The investigation has turned up no explosives or weapons so far, said police.

The museum Katsav is due to inaugurate tomorrow will be the first Holocaust museum in central Europe. Located on a narrow street in Budapest, the memorial center is built on the site of a pre-war synagogue that served as an internment camp for Jews during World War II. An estimated 600,000 Hungarians perished in the Holocaust, most of them Jews. French Finance Minister Nicolas Sarkozy, who is of Hungarian descent, is also expected to attend the inauguration.

"More than a museum, this must be a place for learning, especially for the young who must not only know of the Holocaust but make it part of their lives so that they will never allow it to happen again," museum director Andras Daranyi said.

The museum is the fifth state-funded Holocaust museum in the world, according to its organizers, after ones in Jerusalem, Washington D.C., London and Berlin.

It will open with a temporary exhibition showing photographs of Hungarian victims arriving at Auschwitz from the northeastern village of Bilke, which is now part of Ukraine. In the courtyard, the names of those who perished in the Holocaust are put on a memorial wall. Some 40,000 names are known and new ones are added as research discovers the identities of the victims.

The museum has, however, been criticized in Hungary, which has eastern Europe's largest Jewish population, estimated at 60,000-100,000. Historians have said the museum should have been built in the countryside, where most of the Jews lived in pre-war times, or in the former area of the ghetto in the capital. The current location in a nondescript neighborhood with narrow streets not only lacks historical significance but is also difficult for cars and tourist buses to reach, critics charge.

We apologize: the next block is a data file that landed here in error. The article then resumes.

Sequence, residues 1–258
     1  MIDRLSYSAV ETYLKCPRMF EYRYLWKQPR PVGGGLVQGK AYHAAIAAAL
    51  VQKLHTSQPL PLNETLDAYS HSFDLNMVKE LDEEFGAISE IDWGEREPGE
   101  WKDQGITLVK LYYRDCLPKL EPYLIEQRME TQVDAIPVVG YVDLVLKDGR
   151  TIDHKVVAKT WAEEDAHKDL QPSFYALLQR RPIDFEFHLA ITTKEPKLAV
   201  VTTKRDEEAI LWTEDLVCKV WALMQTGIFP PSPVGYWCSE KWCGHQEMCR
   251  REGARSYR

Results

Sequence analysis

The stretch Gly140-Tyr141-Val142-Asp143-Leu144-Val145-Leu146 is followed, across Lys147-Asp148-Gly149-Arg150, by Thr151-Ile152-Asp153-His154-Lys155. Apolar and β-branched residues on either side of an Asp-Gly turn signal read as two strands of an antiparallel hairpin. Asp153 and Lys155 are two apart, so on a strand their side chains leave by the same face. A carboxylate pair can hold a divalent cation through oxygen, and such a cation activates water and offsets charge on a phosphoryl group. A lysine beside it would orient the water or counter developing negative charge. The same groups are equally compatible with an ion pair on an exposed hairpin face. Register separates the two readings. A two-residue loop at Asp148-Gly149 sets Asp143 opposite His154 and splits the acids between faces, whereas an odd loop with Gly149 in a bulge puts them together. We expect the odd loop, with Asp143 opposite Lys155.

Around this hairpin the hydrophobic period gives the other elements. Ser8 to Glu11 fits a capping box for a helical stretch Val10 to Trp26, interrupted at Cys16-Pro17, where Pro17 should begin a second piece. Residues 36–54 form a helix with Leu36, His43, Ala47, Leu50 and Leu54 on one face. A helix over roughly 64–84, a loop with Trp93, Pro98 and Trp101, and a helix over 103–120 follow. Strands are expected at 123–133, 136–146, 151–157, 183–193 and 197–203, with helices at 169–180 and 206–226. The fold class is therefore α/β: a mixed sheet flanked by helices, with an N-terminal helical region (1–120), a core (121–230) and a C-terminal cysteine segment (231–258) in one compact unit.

But the most stinging criticism is that there will not be a permanent exhibition documenting the Holocaust in place at the opening and, some argue, there is not even enough space for it on site. "It's a slap in the face to the Holocaust and its victims," Laszlo Karsai, one of the museum's curators, told Nepszabadsag newspaper last month in protest of the limited space.

The museum's directors argue, however, that opening the museum even without a permanent exhibition was a moral obligation to educate Hungarians, for whom the participation of Hungary's collaborationist government in the deportations remains a sore topic.

"We want to be a springboard for debate in society about the Holocaust," Daranyi said.

The emphasis on education also resonates in Hungary, where the so-called "numerus clausus" law of 1920 restricting the admission of Jews to universities was the first anti-Jewish law passed in Europe ahead of the war. "How did this degenerate into deportations and murder 20 to 25 years after the first anti-Jewish law was enacted? And how come so few raised their voices against this?" asked Daranyi. "We don't want to give answers, we want to pose questions," he added.